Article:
Continuing our series on the episcopacy, today we hear from Bishop Ricardo Ramirez, the bishop of Las Cruces, New Mexico.
The question: What is the best thing about being a bishop in 2010?
For me, the greatest joy as a bishop lies in making sure that catechesis, the handing on of faith, continues in the diocese. Preaching of the Word of God is one of the principal ways through which the faith is handed on. Today we do so through both traditional and new means. I get excited when I see how new technologies make it possible for so many more people to be involved and participate at the events, programs and discussions going on in our diocese.
As a bishop, it brings me joy to see the influx of so many newcomers and its impact on the multicultural make-up of the Church in the United States today. Nearly every race, ethnic and cultural group on earth is represented in our population and in our Church. What a gift!
A great thing about being a bishop nowadays is to see that we are reaping the fruits of the Second Vatican Council, especially the love for the Bible and a new appreciation for the Liturgy, including the Rite of Christian Initiation of Adults (RICA). People see themselves as part of the Body of Christ and the Communion of Saints. Lay people are much more involved. They are anxious to get into formation programs and involved in ministries. We bishops have tremendous help from consultative bodies such as pastoral and financial councils, and the Church continues to have a strong prophetic voice.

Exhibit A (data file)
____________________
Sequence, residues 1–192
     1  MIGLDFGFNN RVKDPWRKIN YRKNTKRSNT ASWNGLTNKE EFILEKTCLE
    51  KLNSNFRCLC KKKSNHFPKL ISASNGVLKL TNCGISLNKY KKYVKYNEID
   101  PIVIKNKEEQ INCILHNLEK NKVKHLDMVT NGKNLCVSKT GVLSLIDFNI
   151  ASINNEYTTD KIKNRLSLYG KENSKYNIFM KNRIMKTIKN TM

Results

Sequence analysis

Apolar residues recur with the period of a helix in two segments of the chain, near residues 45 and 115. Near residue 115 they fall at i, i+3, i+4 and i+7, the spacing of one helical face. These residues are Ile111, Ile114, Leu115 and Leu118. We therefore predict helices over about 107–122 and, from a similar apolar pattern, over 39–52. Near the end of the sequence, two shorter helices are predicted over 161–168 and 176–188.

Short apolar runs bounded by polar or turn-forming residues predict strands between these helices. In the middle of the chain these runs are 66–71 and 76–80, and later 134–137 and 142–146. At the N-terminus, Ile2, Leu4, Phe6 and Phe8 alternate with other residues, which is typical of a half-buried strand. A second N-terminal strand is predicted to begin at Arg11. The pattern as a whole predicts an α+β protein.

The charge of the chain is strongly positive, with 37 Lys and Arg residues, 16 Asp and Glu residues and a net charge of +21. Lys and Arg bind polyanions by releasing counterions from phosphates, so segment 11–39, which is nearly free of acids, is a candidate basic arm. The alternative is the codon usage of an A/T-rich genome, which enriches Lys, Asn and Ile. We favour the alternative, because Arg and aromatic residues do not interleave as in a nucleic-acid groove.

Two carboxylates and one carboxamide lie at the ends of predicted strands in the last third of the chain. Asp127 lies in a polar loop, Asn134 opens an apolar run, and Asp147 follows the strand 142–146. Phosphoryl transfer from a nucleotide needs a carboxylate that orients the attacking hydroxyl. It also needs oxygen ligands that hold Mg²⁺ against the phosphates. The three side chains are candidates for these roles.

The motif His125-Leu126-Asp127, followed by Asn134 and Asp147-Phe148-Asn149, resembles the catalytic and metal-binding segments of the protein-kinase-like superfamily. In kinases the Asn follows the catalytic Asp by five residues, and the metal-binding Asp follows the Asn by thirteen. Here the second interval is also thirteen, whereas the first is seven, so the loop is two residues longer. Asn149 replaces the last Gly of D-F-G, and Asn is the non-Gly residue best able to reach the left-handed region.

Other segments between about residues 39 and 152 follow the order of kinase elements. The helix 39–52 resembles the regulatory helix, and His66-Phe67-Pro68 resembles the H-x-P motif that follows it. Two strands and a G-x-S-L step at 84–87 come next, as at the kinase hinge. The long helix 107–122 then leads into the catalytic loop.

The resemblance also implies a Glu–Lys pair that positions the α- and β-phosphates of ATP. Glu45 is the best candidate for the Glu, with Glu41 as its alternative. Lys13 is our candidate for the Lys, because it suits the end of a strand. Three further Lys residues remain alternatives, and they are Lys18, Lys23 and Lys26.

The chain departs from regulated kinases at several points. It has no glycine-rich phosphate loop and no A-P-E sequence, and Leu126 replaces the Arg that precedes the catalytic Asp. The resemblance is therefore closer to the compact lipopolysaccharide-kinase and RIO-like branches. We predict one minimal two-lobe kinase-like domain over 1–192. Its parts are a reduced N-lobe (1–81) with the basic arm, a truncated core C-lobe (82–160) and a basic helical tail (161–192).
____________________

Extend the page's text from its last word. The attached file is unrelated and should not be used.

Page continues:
Here in New Mexico, for example, we worked hard and succeeded together at getting the death penalty eliminated in the state. We will continue to promote life and other issues such as nuclear deterrence, immigration reform and health care.
It is a tremendous joy and a great honor to have been called to lead and work hand in hand with the People of God in Las Cruces, New Mexico.
Tomorrow's interviewee: Bishop Joseph Galante of Camden, New Jersey